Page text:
In 1938, my grandfather escaped Austria on the kindertransport. He was sent to England, where he lived with a family who sponsored him. His parents were sent to the Isle of Wight, where they were prisoners for most of the war. Eventually he made it to the US, where he lived briefly in Ohio before being conscripted into the Army, and sent back to Europe to work as a translator.
The Holocaust is very much a part of my family narrative. It’s part of my history, and it’s important to me, but as I build my own family, I’ve started to think about the ways I want to address this issue with my kids. Here’s what I won’t do:
1. I won’t teach my kids to fear anti-Semitism around every corner.
A truly unhealthy amount of my Jewish education was predicated on concerns about anti-Semitism. The upshot of Jewish history–I thought, after 13 years of Jewish school–was basically that people wanted to kill us. Even in the United States, the KKK wanted to march on our streets and lynch us if possible.
I know now that there are crazy people here in America, and all over the world, who really do want to kill Jews. And there are isolated terrifying incidents, like the recent shooting in Kansas City. But, particularly in America, these incidents are few and far between. And it simply does not make sense to let those crazy people write the narrative of the Jewish people, when there is so much more of a story to tell. I don’t love Judaism because it has survived everyone who has tried to abolish it. I love it because it is a rich tradition of wisdom, gratitude, and social justice.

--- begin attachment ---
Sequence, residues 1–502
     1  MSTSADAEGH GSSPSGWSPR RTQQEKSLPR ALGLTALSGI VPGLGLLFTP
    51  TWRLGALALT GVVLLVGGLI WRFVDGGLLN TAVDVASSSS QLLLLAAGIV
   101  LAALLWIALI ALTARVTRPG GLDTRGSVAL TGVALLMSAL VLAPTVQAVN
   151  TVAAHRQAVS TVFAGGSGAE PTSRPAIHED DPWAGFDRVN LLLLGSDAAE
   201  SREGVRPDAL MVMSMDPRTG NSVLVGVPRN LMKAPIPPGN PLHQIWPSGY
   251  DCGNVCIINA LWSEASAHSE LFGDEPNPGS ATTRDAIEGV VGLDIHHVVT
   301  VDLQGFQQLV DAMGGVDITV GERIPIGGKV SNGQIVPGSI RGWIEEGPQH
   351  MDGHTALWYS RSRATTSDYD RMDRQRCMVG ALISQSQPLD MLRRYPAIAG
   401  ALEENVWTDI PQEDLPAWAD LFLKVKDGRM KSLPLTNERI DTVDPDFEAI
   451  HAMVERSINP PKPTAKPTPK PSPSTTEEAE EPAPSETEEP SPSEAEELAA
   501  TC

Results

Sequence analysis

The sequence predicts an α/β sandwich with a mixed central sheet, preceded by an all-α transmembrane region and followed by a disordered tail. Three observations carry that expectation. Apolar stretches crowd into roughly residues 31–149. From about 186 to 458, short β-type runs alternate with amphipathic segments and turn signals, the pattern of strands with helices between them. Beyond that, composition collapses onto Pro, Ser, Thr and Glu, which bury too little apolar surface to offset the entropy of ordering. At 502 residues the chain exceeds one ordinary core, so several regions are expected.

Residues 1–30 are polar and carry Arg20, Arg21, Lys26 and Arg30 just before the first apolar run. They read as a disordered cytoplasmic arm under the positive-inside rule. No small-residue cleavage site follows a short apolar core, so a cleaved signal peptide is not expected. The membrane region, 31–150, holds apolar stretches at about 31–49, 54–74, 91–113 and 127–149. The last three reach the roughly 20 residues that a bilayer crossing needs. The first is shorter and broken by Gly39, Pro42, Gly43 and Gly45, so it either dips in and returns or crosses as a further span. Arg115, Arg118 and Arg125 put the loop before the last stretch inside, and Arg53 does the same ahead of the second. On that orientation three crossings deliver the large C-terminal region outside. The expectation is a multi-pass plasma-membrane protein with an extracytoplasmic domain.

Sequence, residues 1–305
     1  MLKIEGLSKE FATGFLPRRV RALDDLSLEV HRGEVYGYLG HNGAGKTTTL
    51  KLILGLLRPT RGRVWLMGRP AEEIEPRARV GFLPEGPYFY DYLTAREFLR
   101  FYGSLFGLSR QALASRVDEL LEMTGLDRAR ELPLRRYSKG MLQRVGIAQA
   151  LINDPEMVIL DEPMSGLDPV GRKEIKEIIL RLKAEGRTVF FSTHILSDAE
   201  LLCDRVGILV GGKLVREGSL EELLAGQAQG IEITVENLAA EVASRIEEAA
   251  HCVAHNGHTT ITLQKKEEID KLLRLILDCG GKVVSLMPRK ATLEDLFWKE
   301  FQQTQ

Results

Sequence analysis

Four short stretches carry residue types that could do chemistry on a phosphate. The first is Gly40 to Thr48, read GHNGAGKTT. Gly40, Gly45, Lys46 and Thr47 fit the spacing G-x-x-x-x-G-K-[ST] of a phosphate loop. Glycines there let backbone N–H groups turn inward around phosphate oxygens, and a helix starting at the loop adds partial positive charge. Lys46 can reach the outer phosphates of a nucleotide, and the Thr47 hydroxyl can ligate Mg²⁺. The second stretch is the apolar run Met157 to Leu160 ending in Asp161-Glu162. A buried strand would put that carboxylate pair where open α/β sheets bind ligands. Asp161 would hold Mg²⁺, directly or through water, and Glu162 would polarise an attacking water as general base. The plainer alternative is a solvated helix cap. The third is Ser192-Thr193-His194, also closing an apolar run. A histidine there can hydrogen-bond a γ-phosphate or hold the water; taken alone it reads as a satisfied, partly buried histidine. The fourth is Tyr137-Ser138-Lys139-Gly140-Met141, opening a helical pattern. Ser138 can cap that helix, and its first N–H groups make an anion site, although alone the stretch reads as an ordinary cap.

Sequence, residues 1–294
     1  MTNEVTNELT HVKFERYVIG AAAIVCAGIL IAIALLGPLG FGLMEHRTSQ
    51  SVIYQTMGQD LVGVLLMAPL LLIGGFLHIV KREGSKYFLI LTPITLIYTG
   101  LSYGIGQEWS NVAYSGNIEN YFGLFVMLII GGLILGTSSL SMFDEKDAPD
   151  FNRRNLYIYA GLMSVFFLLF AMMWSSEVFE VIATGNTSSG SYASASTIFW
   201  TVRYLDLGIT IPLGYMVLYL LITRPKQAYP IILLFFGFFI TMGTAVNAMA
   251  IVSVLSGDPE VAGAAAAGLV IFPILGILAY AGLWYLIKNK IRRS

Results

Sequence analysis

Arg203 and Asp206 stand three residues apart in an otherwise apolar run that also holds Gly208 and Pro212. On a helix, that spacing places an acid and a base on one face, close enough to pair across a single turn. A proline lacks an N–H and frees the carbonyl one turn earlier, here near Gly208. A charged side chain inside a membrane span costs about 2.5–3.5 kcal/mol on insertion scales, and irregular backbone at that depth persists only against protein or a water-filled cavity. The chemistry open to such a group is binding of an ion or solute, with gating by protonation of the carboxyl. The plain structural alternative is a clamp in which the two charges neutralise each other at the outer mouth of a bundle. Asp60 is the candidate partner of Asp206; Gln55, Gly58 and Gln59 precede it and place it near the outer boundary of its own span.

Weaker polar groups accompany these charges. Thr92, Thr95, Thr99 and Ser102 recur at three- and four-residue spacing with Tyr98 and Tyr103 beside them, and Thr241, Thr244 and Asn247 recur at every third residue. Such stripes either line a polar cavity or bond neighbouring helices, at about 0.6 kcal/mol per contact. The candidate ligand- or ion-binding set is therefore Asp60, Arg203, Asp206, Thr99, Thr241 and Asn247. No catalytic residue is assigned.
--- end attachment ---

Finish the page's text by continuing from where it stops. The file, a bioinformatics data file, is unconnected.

2. I won’t teach them that the State of Israel is a panacea.
All through my schooling I heard over and over that if Israel had existed in the 1930s, we would have been spared the Holocaust. True, but the existence of Israel does not mean we as Jews can act with impunity.
There are many wonderful things to be said about Israel. The quality of the hummus at any random falafel joint in the country alone is enough to give me faith in a God who cares about Israel. But at the end of the day, Israel is a country, just like America, Italy and Djibouti. Its government makes some good choices (universal health care) and some terrible choices (treatment of Women of the Wall, for instance). It is wonderful that Israel stands as a safe haven for Jews in danger around the world, but that particular stance shouldn’t get Israel off the hook for anything else.
Jews have a homeland, after millennia of hoping for just such a thing–with the homeland comes the responsibility to be a moral country.
3. I won’t teach them to use the victims of the Nazis as political pawns.
As anyone who has ever participated in any lengthy comment feed can tell you, Godwin’s law is real. The suffering of Jews at the hands of the Nazis is equated with just about everything these days. “Never Forget” has, for all intents and purposes, been co-opted as a political slogan by dozens of causes of all kinds.
As Jews, I think we should be incredibly careful to set aside victims of the Holocaust, and not use them as political pawns. Yes, we should learn from their story, but let’s not put words in their mouths. Their silence is a more powerful tool. What we take from it is on us, not them, and their memories.
I will teach my kids about the Holocaust. About my grandfather and his escape, and his heroism in returning to the country that hated him. I’ll teach them what happened in an age-appropriate way, using books like “Let the Celebrations Begin,” “Benno and the Night of Broken Glass,” “Snow Treasure,” and “The Diary of Anne Frank.” I’ll teach them how important it is to stand up when you see injustice around you. And I’ll teach them that there’s value in fear. I just don’t want fear of the Holocaust to be the driving force in their lives.